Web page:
Ebertfest 2016 — Highlights
Posted on April 18, 2016 at 7:12 am
Well, really, the entire Ebertfest film festival is a highlight. It truly is unlike any other film festival because it creates such a sense of community, in part because people come back year after year and in part because there is one film at a time, in one venue, so there is a sense of shared experience that deepens over time. We laugh together, we cry together, we gasp together, we feel our spirits expand together.
Roger Ebert memorably said that movies are “an empathy machine.” Like all great art, they give us a chance to see through someone else’s eyes — the eyes of the characters, the eyes of the filmmakers — and thus expand our understanding and compassion. This year, there was a panel on creating empathy onscreen. And, following the Brian Wilson film “Love and Mercy,” there was a discussion of challenging the stigma of mental illness with the goals of acceptance, inclusion, and respect. There was a timely (unfortunately, always timely) discussion of the challenge of racial diversity in Hollywood.
It was followed by a panel on gender diversity in Hollywood. I was delighted to be included.
Unquestionably, one of the greatest films of all time is “The Third Man,” from director Carol Reed and screenwriter Graham Greene, starring Joseph Cotten, Orson Welles, Alida Valli, Trevor Howard, and the post-WWII ruined city of Vienna.
We saw the gorgeously restored print, and it was followed by a discussion with Angela Allen, who was a “continuity girl” at age 19 when it was filmed and later worked on movies like “The African Queen” and “Jesus Christ Superstar.” She mesmerized us with inside stories.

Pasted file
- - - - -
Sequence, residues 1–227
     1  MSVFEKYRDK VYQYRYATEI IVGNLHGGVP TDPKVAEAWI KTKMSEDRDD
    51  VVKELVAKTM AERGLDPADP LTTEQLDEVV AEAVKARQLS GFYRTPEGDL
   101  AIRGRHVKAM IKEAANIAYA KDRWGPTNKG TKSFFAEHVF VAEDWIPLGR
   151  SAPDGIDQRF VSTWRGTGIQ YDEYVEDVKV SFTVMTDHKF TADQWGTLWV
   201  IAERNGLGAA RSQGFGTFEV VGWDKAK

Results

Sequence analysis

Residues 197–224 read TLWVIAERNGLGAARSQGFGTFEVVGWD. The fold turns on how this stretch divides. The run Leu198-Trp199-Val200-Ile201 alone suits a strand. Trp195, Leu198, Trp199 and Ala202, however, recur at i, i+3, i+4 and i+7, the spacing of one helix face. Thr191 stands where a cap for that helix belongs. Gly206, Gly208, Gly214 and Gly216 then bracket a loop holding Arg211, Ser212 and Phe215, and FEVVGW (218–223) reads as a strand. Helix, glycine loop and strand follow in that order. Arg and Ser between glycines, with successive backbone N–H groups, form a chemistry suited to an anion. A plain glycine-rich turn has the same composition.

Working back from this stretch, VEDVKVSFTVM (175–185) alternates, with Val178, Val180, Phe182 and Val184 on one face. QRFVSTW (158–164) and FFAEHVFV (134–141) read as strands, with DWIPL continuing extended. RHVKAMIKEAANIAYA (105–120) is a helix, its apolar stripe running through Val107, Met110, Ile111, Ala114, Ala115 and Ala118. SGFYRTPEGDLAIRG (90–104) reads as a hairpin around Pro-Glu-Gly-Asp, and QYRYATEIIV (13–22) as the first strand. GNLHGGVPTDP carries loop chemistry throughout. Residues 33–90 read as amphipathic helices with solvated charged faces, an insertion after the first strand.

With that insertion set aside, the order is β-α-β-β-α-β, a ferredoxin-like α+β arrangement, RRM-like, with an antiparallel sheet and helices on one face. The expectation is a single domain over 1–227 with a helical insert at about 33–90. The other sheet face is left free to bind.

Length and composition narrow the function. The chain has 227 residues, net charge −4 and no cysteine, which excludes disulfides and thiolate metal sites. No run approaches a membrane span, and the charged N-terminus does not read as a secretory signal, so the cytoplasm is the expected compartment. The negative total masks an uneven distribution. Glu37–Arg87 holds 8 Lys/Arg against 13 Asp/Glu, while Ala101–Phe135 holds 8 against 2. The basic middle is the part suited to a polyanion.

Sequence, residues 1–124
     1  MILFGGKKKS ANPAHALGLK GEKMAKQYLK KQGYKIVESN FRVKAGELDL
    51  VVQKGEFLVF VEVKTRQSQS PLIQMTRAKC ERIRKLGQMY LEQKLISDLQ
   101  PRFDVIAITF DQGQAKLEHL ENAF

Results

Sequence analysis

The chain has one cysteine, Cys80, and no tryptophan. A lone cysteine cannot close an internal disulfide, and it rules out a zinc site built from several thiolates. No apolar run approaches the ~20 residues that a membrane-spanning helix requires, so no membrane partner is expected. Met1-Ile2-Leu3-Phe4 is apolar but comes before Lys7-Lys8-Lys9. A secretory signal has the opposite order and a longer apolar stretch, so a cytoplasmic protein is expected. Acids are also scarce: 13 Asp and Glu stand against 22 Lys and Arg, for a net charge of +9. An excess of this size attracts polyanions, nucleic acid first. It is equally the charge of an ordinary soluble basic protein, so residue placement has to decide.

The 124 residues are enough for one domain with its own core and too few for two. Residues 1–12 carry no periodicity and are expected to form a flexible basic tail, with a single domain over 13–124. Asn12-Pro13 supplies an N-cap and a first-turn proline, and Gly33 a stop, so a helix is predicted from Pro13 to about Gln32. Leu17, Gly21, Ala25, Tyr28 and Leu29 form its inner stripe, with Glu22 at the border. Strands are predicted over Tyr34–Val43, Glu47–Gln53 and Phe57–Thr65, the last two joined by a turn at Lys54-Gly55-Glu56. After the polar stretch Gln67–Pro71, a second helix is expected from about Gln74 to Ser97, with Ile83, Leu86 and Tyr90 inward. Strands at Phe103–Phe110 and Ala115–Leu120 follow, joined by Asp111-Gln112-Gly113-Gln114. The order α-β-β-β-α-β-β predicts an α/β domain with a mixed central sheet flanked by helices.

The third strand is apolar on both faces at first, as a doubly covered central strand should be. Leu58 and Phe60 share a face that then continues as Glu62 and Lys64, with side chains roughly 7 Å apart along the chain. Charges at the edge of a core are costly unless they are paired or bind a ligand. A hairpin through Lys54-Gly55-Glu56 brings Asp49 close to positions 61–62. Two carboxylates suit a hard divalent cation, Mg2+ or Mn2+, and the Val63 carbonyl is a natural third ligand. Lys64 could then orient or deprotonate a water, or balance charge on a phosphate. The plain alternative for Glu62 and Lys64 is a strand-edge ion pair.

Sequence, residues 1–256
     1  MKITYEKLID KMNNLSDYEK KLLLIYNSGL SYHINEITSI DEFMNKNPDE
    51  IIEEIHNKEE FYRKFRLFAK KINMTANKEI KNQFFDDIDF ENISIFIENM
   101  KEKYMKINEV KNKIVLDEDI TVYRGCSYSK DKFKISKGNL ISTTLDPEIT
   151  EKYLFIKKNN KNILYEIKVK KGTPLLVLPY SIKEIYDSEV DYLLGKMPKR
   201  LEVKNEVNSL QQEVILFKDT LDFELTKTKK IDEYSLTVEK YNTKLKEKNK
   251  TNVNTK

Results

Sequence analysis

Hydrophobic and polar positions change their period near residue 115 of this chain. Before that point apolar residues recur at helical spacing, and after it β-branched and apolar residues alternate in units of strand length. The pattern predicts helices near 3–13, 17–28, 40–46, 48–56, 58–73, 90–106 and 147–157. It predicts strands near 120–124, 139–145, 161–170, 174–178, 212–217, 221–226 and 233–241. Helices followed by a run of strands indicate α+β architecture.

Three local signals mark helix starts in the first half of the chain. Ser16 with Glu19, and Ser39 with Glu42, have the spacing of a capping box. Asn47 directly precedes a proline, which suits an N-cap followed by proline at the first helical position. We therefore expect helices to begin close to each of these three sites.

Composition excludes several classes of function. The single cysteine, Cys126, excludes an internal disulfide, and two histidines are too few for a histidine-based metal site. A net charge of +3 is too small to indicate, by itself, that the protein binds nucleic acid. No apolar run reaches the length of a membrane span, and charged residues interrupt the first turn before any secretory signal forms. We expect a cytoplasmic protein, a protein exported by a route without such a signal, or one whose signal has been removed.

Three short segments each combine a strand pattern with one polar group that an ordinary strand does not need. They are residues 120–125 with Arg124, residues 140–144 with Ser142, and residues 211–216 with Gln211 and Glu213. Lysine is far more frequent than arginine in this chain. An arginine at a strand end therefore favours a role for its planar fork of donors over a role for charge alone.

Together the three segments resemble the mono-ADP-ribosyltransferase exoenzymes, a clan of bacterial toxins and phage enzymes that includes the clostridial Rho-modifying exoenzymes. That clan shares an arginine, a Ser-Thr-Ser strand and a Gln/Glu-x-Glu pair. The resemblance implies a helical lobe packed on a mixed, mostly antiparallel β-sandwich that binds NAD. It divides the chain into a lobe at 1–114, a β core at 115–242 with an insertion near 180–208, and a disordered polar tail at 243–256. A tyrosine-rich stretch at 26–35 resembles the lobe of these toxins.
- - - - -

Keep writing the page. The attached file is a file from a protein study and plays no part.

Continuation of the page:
I had the honor of conducting a Q&A, along with Shawn Edwards and Gil Robertson, with writer/director Kasi Lemmons about her brilliant first film, Eve’s Bayou. She told us about why it was important to her to restore a key character in her director’s cut.
Every year, Ebertfest has a silent film with live musical accompaniment. This year, we had the strange, wild French film, “L’Inhumaine,” with the Alloy Orchestra, and, for the first time a second silent film, the “race” (made by, with, and for African-Americans) movie “Body and Soul,” starring Paul Robeson in his movie debut, playing twin brothers, one kind, one evil. The Chicago Modern Orchestra Project provided an original soundtrack.
Other films included Paul Cox’s “Force of Destiny,” inspired by his own experience as the recipient of a liver transplant, and two stirring documentaries, “Radical Grace,” the story of nuns working for social justice, and the world premiere of Disturbing the Peace, about a group of Israelis and Palestinians working together in the spirit of Ghandi, Martin Luther King, and Nelson Mandela, to bring peace to the region. The film got a standing ovation and the filmmakers received the festival’s first Humanitarian Award. Actress Nancy Allen spoke about “Blow-Out,” and directors Guillermo del Toro (“Crimson Peak), Paul Weitz (“Grandma”), and Mark Polish (“Northfork”) presented their films and did Q&A sessions to discuss them.
Thanks to Chaz Ebert, Nate Kohn, Casey Ludwig, John Hecker, and everyone at Ebertfest. See you next year!